A little less than a month ago, kicker Justin Tucker said completing a long-term contract extension with the Ravens was a matter of when, not if. Both sides now have less than five days to make it happen.
The NFL’s seven “franchised” players have until 4 p.m. on Friday to reach agreements on long-term contracts with their respective teams. If no deal is reached, those tagged will play out the 2016 season under the franchise designation. In Tucker’s case, that would mean making $4.572 million in his fifth NFL season, a nice payday for the prolific kicker but not the outcome either side wants.
The Ravens and Tucker’s agent, Robert Roche, have been having periodic conversations about a new contract for the kicker for months. Both sides have been mum about the talks and there’s no indication that a deal is imminent. However, there remains optimism that an agreement can be reached before the deadline.
That's primarily because deadlines often spur compromise in these situations.
“It shouldn’t be a hard deal to do unless Tucker wants to redefine kicker salaries,” said former football agent Joel Corry, who analyzes and writes about contracts for National Football Post and CBS Sports. “You have a guy that’s the second most accurate kicker in the history of football. He’s in the discussions as the best kicker in the game. You can say [the New England Patriots’ Stephen Gostkowski] is the best, but Tucker is right behind him. So you have to pay him at the top of the market.”
Gostowski, who was franchised by the Patriots in 2015, set the market for kickers last July when he agreed to a four-year, $17.2 million contract extension. The deal carried an average value of $4.3 million and included $10.1 million in guaranteed money, a record for a placekicker.
While neither Tucker nor his agent have said publicly that the goal is to make the 26-year-old the highest-paid kicker in NFL history, Gostkowski’s deal certainly could serve as a template.
“He’ justified in asking to be the highest paid kicker in the league,” Corry said. “If you’re the second most accurate kicker in the history of the league, you can make that argument.”
Tucker, who made the Ravens as an undrafted free agent in 2012 and emerged as a significant weapon during the team’s Super Bowl season, has converted 130-of-148 regular-season field-goal attempts over the past four seasons. His 87.8 conversion rate ranks second all time to the Dallas Cowboys’ Dan Bailey (90.6).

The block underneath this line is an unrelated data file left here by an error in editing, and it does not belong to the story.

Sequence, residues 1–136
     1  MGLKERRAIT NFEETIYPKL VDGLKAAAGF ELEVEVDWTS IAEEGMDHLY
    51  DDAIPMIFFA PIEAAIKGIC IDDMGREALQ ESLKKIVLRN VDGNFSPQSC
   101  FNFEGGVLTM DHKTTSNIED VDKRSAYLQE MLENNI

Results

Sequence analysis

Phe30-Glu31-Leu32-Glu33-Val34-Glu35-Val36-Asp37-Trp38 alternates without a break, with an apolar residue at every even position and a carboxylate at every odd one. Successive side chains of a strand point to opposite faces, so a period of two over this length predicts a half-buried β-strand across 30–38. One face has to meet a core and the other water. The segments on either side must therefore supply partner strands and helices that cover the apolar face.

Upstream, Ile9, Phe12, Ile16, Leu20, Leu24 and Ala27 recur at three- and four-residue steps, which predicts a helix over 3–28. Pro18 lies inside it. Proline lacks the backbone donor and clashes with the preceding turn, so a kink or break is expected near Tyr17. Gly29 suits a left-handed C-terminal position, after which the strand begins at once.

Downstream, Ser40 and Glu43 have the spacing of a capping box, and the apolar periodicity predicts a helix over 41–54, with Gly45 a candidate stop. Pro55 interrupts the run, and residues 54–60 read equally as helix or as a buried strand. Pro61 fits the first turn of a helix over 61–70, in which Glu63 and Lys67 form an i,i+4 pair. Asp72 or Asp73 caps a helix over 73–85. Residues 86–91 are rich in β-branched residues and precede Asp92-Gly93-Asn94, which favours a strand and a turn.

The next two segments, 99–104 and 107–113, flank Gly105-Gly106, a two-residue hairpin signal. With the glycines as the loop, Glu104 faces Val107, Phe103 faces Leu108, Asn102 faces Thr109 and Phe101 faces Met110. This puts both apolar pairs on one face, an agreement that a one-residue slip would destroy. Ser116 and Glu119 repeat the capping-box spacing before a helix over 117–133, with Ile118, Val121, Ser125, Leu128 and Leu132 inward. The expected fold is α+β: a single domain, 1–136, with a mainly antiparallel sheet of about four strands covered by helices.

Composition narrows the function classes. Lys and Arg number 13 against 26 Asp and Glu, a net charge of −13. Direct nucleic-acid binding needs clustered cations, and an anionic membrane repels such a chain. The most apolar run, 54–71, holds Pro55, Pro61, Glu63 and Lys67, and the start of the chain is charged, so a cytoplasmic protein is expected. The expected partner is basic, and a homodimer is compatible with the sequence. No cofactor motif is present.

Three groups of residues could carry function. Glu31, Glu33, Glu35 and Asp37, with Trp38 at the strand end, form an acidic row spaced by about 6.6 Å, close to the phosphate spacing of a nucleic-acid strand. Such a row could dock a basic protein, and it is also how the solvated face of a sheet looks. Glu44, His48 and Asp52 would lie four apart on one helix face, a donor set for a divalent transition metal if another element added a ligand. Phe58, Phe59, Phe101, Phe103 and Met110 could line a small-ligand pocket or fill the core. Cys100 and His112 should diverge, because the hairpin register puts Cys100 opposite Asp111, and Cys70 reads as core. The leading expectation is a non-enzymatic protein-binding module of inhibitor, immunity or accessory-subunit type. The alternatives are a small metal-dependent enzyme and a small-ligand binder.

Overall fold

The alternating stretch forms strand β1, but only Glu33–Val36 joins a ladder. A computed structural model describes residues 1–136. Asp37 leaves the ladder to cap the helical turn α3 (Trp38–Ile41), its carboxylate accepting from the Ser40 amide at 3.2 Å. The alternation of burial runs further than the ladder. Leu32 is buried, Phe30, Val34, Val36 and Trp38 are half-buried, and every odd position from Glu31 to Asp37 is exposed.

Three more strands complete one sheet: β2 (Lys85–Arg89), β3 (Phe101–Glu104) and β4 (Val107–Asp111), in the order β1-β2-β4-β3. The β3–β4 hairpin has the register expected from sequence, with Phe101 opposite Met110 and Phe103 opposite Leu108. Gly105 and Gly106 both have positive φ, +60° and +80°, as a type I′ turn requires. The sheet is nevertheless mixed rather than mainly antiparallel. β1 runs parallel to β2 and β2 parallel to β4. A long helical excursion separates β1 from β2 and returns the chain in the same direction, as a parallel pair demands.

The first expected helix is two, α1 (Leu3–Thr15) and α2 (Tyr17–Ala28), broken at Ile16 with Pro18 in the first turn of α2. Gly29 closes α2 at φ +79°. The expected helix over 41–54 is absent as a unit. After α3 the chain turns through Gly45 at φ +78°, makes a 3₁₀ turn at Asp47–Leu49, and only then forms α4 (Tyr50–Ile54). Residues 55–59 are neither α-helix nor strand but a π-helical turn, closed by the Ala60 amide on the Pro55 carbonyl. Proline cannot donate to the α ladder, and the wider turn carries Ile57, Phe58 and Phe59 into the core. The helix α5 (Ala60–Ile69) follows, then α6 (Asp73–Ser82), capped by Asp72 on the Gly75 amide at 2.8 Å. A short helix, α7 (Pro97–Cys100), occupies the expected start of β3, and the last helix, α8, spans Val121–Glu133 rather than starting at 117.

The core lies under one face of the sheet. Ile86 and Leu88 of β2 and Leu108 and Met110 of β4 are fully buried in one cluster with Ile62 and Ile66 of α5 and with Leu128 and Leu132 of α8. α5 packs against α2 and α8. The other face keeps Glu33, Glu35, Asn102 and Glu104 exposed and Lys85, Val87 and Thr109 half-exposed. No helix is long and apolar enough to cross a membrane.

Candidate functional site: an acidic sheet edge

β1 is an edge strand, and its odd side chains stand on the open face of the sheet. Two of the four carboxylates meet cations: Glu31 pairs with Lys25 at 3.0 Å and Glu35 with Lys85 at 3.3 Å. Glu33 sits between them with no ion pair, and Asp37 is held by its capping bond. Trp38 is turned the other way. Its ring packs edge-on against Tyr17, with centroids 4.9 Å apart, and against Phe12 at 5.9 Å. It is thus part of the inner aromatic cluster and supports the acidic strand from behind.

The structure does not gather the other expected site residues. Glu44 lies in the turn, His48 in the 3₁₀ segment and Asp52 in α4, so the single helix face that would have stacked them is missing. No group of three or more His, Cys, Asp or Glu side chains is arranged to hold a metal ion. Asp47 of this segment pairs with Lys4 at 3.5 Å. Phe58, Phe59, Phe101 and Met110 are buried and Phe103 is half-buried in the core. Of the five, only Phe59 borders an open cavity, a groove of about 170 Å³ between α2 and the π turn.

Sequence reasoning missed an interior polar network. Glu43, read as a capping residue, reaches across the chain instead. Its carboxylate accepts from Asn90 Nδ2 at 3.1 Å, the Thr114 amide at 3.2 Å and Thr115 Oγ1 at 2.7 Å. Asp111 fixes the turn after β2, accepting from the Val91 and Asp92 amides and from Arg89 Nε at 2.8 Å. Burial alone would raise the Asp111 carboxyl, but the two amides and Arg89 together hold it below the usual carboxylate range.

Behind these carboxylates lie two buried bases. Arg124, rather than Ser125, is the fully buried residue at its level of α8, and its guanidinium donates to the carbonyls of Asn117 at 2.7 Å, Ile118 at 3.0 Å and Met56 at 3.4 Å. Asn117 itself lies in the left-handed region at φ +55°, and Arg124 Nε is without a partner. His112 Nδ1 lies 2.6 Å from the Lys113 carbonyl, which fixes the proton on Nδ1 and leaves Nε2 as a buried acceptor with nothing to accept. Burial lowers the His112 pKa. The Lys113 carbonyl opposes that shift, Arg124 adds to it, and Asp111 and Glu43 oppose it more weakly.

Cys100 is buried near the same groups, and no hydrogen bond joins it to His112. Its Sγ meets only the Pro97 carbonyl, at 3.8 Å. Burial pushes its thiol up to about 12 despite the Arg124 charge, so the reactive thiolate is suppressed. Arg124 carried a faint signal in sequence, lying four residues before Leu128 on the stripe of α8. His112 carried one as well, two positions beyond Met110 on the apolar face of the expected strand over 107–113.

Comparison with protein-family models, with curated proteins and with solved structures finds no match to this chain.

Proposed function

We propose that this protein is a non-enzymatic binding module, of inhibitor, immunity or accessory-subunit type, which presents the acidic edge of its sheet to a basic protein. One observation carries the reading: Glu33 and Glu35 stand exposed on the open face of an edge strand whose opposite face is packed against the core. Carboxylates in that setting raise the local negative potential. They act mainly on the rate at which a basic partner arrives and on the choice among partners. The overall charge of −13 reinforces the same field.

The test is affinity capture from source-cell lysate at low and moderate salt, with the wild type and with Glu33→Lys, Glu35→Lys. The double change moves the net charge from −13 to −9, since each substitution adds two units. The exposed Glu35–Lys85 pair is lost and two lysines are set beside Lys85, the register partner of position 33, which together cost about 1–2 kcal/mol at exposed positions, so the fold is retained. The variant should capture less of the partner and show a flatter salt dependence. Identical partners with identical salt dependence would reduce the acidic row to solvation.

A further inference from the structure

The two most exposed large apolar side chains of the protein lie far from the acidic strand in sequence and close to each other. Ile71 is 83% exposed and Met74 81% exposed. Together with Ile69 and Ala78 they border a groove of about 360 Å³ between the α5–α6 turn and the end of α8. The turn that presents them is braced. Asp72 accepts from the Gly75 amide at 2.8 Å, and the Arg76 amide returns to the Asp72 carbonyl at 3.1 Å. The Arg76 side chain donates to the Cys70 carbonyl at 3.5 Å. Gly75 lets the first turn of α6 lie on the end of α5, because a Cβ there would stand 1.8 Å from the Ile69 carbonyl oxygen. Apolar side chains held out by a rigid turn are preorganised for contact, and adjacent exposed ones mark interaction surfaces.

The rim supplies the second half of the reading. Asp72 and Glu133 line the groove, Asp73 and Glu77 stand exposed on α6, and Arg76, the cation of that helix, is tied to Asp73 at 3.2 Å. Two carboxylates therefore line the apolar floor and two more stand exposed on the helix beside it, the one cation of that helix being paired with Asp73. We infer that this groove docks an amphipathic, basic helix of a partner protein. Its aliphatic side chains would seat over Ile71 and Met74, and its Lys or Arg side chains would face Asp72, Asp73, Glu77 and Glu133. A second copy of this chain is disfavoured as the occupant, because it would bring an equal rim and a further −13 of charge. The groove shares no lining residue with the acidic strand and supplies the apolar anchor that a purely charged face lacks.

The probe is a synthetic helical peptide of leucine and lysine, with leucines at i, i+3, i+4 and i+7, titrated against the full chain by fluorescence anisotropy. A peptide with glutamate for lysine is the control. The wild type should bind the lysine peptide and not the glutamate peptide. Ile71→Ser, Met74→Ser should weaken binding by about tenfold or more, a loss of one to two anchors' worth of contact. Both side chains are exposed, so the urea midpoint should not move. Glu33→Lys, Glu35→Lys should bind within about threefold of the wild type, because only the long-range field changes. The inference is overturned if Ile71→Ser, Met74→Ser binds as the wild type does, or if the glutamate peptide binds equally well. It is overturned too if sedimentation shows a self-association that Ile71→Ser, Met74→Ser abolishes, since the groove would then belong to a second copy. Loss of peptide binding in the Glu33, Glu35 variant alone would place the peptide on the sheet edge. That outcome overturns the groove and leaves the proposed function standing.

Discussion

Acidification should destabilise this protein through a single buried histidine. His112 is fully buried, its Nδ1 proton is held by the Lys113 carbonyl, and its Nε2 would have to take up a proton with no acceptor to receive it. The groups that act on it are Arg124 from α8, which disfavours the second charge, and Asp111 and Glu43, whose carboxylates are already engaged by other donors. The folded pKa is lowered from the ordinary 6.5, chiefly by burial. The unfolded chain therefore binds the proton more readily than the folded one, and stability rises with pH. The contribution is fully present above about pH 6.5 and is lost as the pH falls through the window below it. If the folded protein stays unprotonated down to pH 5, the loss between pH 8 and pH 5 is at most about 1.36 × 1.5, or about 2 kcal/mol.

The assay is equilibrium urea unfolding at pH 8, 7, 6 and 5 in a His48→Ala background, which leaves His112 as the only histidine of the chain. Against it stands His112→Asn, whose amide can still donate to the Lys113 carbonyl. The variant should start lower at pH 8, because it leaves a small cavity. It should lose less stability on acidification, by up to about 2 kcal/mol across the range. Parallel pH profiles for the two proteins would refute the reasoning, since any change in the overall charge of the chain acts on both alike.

Tucker also has kicked 10 career game-winning field goals, made all 162 of his career extra-point tries and been among the league leaders in touchbacks. Even in a down year by his standards, Tucker made 33-of-40 field-goal attempts in 2015 with all but one of his misses coming from 50 yards or longer.
Off the field, Tucker has embraced Baltimore, becoming one of the organization’s most popular players and one of the most active in the community.
Team officials have been consistent in saying they’d like to get a deal done with him and at least publicly, the negotiations haven’t grown acrimonious. Tucker has expressed only optimism about his long-term future with the Ravens and he didn’t use his contract status – or the birth of his first child – as a reason to stay away from the team facility during organized team activities or mandatory minicamp earlier this summer.
The Ravens currently have more than $12 million in salary cap space, which gives them enough flexibility to make additions and handle the inevitable roster turnover during the season.
They technically don’t need to lower Tucker’s cap number for 2016. However, a long-term deal would prevent Tucker from being an unrestricted free agent following the upcoming season. It would also open the franchise tag for next offseason if the Ravens wanted to use it on another of their potential free agents.
If the Ravens were to use it again on Tucker in 2017, it would likely cost them around $5.5 million, which could be prohibitive.
In the past, the Ravens have used the franchise tag as a precursor to getting deals done with some of their most productive players. The last four players to get tagged -- cornerback Chris McAlister, pass rusher Terrell Suggs, defensive tackle Haloti Ngata and running back Ray Rice -- have all ultimately agreed to long-term deals.
To get a deal done with Tucker, they Ravens will likely have to offer more than $4 million per season and more than $15 million total. Five kickers – Gostkowski, Bailey, the Green Bay Packers’ Mason Crosby, the Chicago Bears’ Robbie Gould and the Oakland Raiders’ Sebastian Janikowski – currently have deals with a total value of $15 million or more.
“It should get done,” Corry said in regards to the Tucker talks. “I don’t know if it will be on the 12th, 13th, 14th or 15th, but it should get done.”